An Taoiseach, Leo Varadkar, has said that he would like to have seen the Abortion Review ‘properly explore’ why women did not return for an abortion after the 3-day waiting period – while adding that he would like to see fewer abortions happening in Ireland.
A push to have the 3-day wait scrapped has become hotly contested with some TDs saying they were concerned that voters would see changes to the 2018 law as a breach of promises made in the referendum.
In an interview with the Irish Times, Mr Varadkar said he would like to see a lower number of abortions taking place in Ireland, saying that while it is “sometimes necessary” it is “not a good thing”.
The report from the Abortion Review, which was chaired by barrister Marie O’Shea, was slammed by pro-life groups, including the Life Institute, who said that the process had “failed to recognise that thousands of women changed their mind during the 3-day wait.”
Mr Varadkar commended the Review but said:
“[but one thing] that came out during the hearings was there wasn’t really a proper exploration of the decisions made by women who didn’t go ahead with the termination. So, it is those numbers who attended for the first appointment and didn’t go back. It’s not a small number. That wasn’t really properly explored.”
And he added:
“Is it the case that hundreds of abortions are being avoided as a result of it? Or, is it the case that women would have gone ahead with it anyway. It hasn’t been properly explored.”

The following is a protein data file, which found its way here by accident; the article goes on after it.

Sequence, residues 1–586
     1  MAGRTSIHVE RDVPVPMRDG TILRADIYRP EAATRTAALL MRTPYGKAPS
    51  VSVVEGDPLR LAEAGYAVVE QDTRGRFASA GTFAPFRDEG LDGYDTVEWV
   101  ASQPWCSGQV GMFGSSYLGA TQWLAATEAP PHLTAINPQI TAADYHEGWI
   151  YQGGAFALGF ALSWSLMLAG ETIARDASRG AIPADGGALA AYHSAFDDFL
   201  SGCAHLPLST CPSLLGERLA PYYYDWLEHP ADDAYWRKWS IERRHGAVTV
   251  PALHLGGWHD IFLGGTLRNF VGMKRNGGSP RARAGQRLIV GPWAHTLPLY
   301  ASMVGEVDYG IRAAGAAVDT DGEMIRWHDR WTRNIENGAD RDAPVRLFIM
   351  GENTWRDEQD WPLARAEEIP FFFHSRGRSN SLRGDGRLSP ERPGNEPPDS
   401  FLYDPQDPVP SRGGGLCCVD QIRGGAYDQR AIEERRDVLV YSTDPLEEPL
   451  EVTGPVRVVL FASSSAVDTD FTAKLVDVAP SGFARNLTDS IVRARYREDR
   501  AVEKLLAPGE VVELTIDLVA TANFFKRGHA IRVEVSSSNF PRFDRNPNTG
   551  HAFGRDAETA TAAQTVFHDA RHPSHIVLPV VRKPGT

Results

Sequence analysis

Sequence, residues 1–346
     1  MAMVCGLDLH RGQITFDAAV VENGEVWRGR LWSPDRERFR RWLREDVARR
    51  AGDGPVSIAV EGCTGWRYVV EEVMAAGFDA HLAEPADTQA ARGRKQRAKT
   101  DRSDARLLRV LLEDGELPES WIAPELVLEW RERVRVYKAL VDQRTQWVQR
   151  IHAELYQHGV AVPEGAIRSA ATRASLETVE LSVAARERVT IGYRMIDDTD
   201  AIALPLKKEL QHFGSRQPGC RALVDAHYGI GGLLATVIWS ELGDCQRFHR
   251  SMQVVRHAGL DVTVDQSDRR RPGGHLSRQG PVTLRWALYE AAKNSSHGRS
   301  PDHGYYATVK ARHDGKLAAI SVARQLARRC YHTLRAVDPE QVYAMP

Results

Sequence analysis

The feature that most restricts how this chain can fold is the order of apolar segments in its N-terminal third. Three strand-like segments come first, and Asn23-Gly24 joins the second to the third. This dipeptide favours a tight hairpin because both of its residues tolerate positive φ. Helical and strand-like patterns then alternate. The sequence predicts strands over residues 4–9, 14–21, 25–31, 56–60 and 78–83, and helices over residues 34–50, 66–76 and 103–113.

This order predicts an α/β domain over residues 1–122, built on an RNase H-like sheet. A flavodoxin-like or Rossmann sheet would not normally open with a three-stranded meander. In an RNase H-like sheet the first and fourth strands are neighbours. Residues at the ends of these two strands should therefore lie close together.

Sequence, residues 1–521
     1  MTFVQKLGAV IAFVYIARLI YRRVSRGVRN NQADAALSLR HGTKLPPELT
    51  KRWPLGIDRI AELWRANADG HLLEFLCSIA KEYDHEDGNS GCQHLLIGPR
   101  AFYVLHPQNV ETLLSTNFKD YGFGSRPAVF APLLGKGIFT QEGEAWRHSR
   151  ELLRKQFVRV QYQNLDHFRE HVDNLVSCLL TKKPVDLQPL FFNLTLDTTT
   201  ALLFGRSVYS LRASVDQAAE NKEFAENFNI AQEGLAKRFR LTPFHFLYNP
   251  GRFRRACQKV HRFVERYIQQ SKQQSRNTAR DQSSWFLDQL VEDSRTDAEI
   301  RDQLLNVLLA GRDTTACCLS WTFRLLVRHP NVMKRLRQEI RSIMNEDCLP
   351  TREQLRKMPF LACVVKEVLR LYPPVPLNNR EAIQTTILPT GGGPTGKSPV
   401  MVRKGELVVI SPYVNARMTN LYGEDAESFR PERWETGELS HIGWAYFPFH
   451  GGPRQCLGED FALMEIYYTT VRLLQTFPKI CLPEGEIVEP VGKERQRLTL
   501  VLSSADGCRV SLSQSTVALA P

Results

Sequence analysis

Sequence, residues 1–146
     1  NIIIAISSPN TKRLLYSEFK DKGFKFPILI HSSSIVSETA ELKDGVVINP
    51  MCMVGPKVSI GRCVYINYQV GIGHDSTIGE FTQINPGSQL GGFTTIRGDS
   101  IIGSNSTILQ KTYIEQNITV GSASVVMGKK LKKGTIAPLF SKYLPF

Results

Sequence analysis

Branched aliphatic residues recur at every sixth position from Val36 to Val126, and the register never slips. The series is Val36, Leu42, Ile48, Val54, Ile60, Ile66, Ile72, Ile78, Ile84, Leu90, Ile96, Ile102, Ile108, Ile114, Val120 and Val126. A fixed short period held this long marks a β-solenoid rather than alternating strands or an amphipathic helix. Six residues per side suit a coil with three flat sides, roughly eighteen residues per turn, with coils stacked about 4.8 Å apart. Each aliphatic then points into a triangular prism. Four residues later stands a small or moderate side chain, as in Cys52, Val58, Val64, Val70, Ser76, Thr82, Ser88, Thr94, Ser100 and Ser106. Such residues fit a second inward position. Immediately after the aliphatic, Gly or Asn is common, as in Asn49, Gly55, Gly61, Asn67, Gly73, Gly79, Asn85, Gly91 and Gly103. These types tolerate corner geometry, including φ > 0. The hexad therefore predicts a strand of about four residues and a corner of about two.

More than 100 doctors, nurses, midwives and other healthcare professionals, including consultants, obstetricians and senior medical staff in maternity services, have signed an open letter “strongly urging” the Minister for Health, Stephen Donnelly, to retain the 3-day period of reflection before undergoing an abortion.
“The 3-day wait helps women, it gives them time to think, and the figures strongly suggest it reduces the number of abortions,” Dr Ronan Cleary of Doctors for Life said.
“In 2021 for example, the state made 8,284 payments for initial consultations regarding abortion with GPs and clinics, but in that period there were a much lower number of completed abortions, recorded at 6,683. That means 1,601 women did not return for an abortion after the 3-day wait. A small number may have sadly miscarried but it certainly looks as if the 3-day wait is leading to fewer abortions – something most reasonable people would welcome.”
A 2019 report from the Irish Family Planning Association showed that some 12% of the women who initially approached them did not proceed through our abortion service. Their 2023 analysis claimed that a lower number did not proceed for that period.
Mr Varadkar also told the Irish Times: “I don’t think anyone thinks that abortion is a good thing. It’s sometimes necessary but it’s not a good thing. There are over 8,000 abortions happening in Ireland every year. I would like that number to be lower.
“[I] would like to see a greater exploration of that three-day issue,” he said, adding “but we did go to the people with a particular proposition. And so, soon after that referendum, making changes to what we said we would do … I’d have to think long and hard about that.”
This piece was first published on Gript.
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